Three years ago, as mayor of the City of Elmira, Stephen M. Hughes organized a golf tournament to aid Catholic Charities of Chemung/Schuyler in its fight against homelessness and hunger.
Little did Hughes know that those efforts were helping pave a path toward future employment with Catholic Charities.
Hughes, 42, began March 21 in the newly created position of Chemung/Schuyler’s director of development. According to Bridget Steed, the agency’s executive director, Hughes’s duties will center around event planning, direct-mail campaigns and other fundraising activities.
Hughes had become available after he was among some 800 people who lost their jobs in December 2004 when the Horseheads division of MT Picture Display Corporation of America closed. An 18-year employee of MT, he served as a quality-assurance supervisor. For nearly that entire time, Hughes, a Democrat, was concurrently involved in Elmira politics — 10 years as a city councilman and the last seven as mayor.
However, in order to work for Catholic Charities, Hughes had to relinquish his part-time mayoral position due to a federal regulation prohibiting nonprofit agency employees from doubling in political roles such as mayor — “anybody who could be influential in exercising the city’s discretion on funding,” explained Anthony Barbaro, associate director of diocesan Catholic Charities for the Southern Tier. Barbaro noted that the city and Catholic Charities both receive Department of Housing and Urban Development funds. The city was unsuccessful in its attempt to get a waiver for this restriction, so Hughes announced his resignation as mayor five days before beginning with Catholic Charities.
“I leave a family of very, very good people in city government; that’s the bitter side. But the sweet side is the very good family of people at Catholic Charities,” Hughes said, adding that he is ceasing all political involvement at this time. “Suffice to say that my focus will be on building up this development function. I intend to make that my sole priority.”
Hughes is being welcomed with enthusiasm at his new place of employment. “We had known Steve for some time. He had always been a friend of Catholic Charities,” Steed commented. “We always thought he was a person of integrity. He definitely has tremendous leadership skills.”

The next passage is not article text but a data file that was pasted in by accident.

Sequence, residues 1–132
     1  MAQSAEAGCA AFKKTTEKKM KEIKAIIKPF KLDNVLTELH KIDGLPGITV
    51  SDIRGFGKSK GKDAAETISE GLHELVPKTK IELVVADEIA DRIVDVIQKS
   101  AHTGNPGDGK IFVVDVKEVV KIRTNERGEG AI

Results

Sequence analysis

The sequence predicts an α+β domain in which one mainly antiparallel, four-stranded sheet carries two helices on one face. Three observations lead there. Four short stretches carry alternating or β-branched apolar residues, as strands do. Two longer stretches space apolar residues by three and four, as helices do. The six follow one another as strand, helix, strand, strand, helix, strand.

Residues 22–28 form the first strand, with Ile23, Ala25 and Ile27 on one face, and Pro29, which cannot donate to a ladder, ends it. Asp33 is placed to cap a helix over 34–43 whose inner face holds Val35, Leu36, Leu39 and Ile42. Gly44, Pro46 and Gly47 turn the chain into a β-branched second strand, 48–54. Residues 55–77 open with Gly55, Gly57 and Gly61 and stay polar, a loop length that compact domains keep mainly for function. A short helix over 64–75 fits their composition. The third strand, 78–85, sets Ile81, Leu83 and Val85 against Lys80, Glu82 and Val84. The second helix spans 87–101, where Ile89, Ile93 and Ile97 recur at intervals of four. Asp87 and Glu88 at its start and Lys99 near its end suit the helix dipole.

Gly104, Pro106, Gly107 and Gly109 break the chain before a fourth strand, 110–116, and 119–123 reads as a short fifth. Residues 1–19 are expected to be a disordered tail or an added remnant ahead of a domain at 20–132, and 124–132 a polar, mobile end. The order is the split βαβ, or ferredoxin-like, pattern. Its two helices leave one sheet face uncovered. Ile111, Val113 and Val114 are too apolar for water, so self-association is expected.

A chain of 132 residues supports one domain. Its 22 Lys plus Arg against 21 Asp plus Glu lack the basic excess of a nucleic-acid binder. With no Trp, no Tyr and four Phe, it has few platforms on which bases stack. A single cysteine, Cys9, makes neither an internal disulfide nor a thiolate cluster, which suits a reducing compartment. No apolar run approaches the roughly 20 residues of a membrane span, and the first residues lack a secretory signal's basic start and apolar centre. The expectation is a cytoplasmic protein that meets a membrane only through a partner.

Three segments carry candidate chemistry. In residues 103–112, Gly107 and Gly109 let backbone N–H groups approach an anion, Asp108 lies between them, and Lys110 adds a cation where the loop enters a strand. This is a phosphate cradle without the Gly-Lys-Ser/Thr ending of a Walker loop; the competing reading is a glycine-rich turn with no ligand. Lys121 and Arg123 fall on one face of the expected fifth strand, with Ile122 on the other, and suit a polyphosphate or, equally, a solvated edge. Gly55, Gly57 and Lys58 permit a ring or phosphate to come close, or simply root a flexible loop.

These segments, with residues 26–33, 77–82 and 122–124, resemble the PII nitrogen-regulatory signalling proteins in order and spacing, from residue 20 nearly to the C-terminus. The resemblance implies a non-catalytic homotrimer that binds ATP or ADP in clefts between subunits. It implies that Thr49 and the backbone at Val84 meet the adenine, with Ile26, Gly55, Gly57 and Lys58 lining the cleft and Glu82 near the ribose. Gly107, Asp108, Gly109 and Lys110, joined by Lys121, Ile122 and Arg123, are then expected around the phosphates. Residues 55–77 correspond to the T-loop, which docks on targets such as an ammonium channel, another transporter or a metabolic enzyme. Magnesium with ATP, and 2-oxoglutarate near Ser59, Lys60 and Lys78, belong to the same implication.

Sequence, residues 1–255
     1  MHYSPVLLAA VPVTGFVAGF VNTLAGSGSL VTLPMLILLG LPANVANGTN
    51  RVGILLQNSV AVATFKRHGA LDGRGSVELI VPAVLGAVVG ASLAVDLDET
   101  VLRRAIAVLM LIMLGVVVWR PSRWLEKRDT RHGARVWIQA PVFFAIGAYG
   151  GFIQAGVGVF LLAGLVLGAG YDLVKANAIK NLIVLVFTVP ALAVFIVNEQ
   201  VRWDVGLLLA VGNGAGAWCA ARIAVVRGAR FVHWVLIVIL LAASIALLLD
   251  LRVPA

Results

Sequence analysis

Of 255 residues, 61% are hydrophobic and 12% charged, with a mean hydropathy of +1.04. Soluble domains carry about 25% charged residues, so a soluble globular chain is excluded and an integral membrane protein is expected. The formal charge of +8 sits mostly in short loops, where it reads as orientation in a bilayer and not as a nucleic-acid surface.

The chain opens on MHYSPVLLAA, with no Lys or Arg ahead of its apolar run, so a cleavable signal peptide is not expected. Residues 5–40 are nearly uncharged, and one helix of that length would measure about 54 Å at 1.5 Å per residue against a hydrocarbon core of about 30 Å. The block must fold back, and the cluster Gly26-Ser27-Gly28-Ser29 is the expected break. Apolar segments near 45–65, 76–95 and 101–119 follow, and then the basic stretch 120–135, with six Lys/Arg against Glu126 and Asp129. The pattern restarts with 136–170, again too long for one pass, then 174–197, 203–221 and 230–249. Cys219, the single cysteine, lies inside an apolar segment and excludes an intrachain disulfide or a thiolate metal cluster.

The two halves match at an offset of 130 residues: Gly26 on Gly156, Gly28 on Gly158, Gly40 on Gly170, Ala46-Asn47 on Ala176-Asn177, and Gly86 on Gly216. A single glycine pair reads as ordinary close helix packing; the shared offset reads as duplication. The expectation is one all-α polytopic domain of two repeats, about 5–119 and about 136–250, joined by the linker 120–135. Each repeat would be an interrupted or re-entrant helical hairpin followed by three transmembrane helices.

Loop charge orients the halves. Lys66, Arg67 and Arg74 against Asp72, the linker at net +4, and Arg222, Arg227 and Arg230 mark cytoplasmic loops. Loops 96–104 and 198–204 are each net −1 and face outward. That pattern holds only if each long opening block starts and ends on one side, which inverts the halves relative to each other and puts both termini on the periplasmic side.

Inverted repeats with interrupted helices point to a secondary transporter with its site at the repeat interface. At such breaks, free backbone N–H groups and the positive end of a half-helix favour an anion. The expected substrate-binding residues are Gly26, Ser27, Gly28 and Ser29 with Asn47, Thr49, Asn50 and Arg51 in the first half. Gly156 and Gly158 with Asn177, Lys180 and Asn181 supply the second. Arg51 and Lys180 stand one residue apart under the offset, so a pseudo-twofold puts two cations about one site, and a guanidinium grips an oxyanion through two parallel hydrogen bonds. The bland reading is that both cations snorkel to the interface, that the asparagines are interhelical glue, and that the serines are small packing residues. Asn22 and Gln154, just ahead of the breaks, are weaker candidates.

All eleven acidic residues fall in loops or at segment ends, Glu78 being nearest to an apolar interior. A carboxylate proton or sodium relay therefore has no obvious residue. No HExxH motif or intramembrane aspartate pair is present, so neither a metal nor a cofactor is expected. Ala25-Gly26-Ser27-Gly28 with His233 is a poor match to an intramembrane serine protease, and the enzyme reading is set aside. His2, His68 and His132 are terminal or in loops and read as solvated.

“Steve has been a very visible, community-minded, spirited leader,” Barbaro added, noting that “we were very, very impressed” with Hughes’ work on the Mayors’ Golf 4 Food Tournament — an event that Hughes will continue to coordinate in his new position.
Barbaro noted that Hughes attended the dedication of several Catholic Charities facilities while serving as mayor. In addition, Hughes has served on several community boards: the Equal Opportunity Program; Woodlawn Youth Center; Southern Tier Economic Growth; Southern Tier Economic Development; and the Empire Development Zone Administrative Board.
Hughes said that in his work with Catholic Charities, he’s anxious to promote the myriad services that are provided by the agency. And yet, for all these good works, Catholic Charities faces the ongoing struggle of securing adequate funding.
“I am intimately aware of the limited government dollars available for not-for-profit agencies,” Hughes said.
“There seems to be less and less attention on the poor and vulnerable,” Barbaro agreed, adding that it was vital for Catholic Charities to create the position filled by Hughes as part of “a strategic plan with a full-blown development effort.”
Hughes and his wife of nearly 19 years, Linda, are lifelong Elmira residents. They have three children.